Beth Leffel, of Boca Raton, Fla., spent about $2,000 at Denny’s three years ago preparing for her daughter’s first summer of camp and $250 at Party City, buying each potential color spiritwear her daughter could be assigned for color war. She said sending a child to camp well-equipped is a way parents can show love from afar.

“I wanted her to have everything everyone has,” says Leffel, an interior designer. “I didn’t want her to be without, especially since I’m not there. I didn’t want her to feel different because other kids have this or that. That first summer I went above and beyond.”

The next summer, Leffel started researching deals and dupes of name-brand wares, snagging attire on Amazon that looks like the Lululemon brand for a fraction of the price. Now, she shares her finds with fellow camp parents via her Instagram handle, The Savvy Camp Mom.

This year, for the first time, Dara Grandis, a Manhattan mom of three, hired professional organizer Meryl Bash to pack for her three children, who head off in late June for seven weeks at camp.

“This is the first week I haven’t traveled for work in a few months and I’d rather spend time with my kids versus stressing out over what is going into the trunk,” says Grandis, an executive. “Right now my living room is a dumping zone,” she adds. “It looks like an organized tornado.”

Bash will swoop into the family’s home to assess the packing situation and figure out what’s missing from the list. (For an additional charge, she will come before the packing day and have campers try on last season’s clothes to see what still fits.)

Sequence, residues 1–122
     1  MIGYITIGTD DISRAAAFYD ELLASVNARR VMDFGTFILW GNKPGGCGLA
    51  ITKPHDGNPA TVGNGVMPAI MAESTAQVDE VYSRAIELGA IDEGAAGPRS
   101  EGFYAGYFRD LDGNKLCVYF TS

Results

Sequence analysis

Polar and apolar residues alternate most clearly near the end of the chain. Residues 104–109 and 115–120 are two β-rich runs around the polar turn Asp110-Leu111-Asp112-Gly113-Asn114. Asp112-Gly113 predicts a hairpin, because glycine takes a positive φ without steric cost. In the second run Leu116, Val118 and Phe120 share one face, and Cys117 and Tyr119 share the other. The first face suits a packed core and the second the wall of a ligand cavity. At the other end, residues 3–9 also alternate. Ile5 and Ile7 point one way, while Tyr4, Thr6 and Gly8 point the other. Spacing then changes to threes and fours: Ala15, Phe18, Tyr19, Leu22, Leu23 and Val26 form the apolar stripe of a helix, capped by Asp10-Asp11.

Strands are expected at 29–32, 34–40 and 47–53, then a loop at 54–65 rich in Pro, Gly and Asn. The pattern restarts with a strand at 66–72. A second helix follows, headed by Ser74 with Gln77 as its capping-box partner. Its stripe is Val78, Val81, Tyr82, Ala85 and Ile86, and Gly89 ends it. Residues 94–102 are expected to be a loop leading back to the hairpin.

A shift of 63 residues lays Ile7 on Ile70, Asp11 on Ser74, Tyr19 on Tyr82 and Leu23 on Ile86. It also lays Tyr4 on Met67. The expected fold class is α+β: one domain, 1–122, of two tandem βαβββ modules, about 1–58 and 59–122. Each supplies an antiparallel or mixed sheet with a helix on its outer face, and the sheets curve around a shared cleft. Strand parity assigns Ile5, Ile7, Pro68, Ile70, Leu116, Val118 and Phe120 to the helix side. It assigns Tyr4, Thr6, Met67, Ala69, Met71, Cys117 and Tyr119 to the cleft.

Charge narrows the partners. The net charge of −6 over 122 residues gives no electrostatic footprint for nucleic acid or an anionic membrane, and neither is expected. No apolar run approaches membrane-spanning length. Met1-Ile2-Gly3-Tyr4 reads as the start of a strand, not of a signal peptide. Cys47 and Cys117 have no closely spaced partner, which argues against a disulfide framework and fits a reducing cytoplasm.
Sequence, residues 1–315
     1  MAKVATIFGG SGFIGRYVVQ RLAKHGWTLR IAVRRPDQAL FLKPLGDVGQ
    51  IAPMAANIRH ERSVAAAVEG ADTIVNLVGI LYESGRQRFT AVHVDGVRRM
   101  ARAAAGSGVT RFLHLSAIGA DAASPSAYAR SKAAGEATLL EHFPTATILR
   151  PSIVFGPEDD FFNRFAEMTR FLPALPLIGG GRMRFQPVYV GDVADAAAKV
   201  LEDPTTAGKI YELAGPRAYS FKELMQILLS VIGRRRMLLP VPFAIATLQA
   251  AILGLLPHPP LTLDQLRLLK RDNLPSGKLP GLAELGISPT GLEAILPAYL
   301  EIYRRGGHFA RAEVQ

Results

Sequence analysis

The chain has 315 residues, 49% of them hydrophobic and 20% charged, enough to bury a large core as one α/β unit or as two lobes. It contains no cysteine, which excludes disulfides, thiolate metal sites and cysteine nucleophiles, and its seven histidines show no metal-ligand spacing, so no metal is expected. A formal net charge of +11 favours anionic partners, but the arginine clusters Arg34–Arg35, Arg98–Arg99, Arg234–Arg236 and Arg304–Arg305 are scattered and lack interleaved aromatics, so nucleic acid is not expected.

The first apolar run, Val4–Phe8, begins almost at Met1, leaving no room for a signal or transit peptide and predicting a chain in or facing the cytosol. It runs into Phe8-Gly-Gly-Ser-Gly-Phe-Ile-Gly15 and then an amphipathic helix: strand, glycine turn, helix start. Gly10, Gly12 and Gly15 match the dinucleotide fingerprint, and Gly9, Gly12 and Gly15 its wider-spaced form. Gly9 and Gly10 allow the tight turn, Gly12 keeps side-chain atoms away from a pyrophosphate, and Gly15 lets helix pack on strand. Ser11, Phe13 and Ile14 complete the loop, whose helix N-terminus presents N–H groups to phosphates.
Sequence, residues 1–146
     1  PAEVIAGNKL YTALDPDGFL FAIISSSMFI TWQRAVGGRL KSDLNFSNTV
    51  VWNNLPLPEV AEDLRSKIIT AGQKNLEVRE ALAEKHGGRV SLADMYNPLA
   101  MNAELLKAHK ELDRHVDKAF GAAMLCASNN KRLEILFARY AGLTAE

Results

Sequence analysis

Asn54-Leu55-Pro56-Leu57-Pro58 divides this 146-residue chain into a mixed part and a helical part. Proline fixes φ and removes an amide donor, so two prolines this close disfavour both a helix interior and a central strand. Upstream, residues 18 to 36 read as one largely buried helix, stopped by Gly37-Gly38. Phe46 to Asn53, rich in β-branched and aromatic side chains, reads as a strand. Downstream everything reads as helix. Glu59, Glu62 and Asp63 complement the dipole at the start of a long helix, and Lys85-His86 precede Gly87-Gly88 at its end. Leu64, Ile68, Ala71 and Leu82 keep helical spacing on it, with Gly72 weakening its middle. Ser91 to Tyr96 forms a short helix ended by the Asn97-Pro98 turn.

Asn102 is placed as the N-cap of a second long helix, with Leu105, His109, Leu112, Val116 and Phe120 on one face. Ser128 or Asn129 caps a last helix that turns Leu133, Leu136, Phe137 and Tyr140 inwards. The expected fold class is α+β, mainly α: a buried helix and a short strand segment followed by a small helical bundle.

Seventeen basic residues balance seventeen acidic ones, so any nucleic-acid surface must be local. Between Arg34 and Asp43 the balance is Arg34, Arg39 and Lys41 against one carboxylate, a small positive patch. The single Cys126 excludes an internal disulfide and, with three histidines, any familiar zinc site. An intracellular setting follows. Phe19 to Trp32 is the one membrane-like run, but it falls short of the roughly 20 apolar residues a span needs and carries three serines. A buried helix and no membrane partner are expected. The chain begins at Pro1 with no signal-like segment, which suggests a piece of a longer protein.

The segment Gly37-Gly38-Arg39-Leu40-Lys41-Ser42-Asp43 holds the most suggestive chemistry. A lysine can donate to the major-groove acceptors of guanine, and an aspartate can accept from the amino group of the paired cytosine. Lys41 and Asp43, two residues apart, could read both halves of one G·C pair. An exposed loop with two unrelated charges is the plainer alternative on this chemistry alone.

On packing day, Bash and her team arrive armed with tape and an assortment of storage cubes and bags. They meticulously pack each with a designated category: shirts and shorts; bedding and towels, bathing suits, socks and bras; toiletries; bunk junk like games, Mad Libs and books. 

Anything not already marked gets labeled along the way. For prep and packing days, Bash charges $125 per hour, and $100 per hour for an additional packer. It takes three to six hours, depending on the number of campers per household.

Her team even addresses envelopes—which are then neatly stored in a Ziploc with stationery—to make writing home easier. “If the space feels organized, it gives them a leg up,” says Bash, of campers and their bunks.

Nicole Fisch of Larchmont, N.Y., breathed a sigh of relief when her neighbor launched Camp Kits, a camp toiletry company, this year. Fisch recalls the summer she was “so crazed” about properly wrapping them that she accidentally sent all of her son’s toiletries in her daughter’s trunk.

Camp Kits’ bundles of toiletries, costing from $98-$185, magically appear on bunks before camp starts -without the parents lifting a finger.

“A lot of our clients believe the best thing you can spend your money on is your time,” says Diana Cooper, co-owner of The Concierge Crew, a Boca Raton-based personal-assistant company offering camp shopping, packing and labeling. “Let the crew take the stress out of camp prep,” says its website.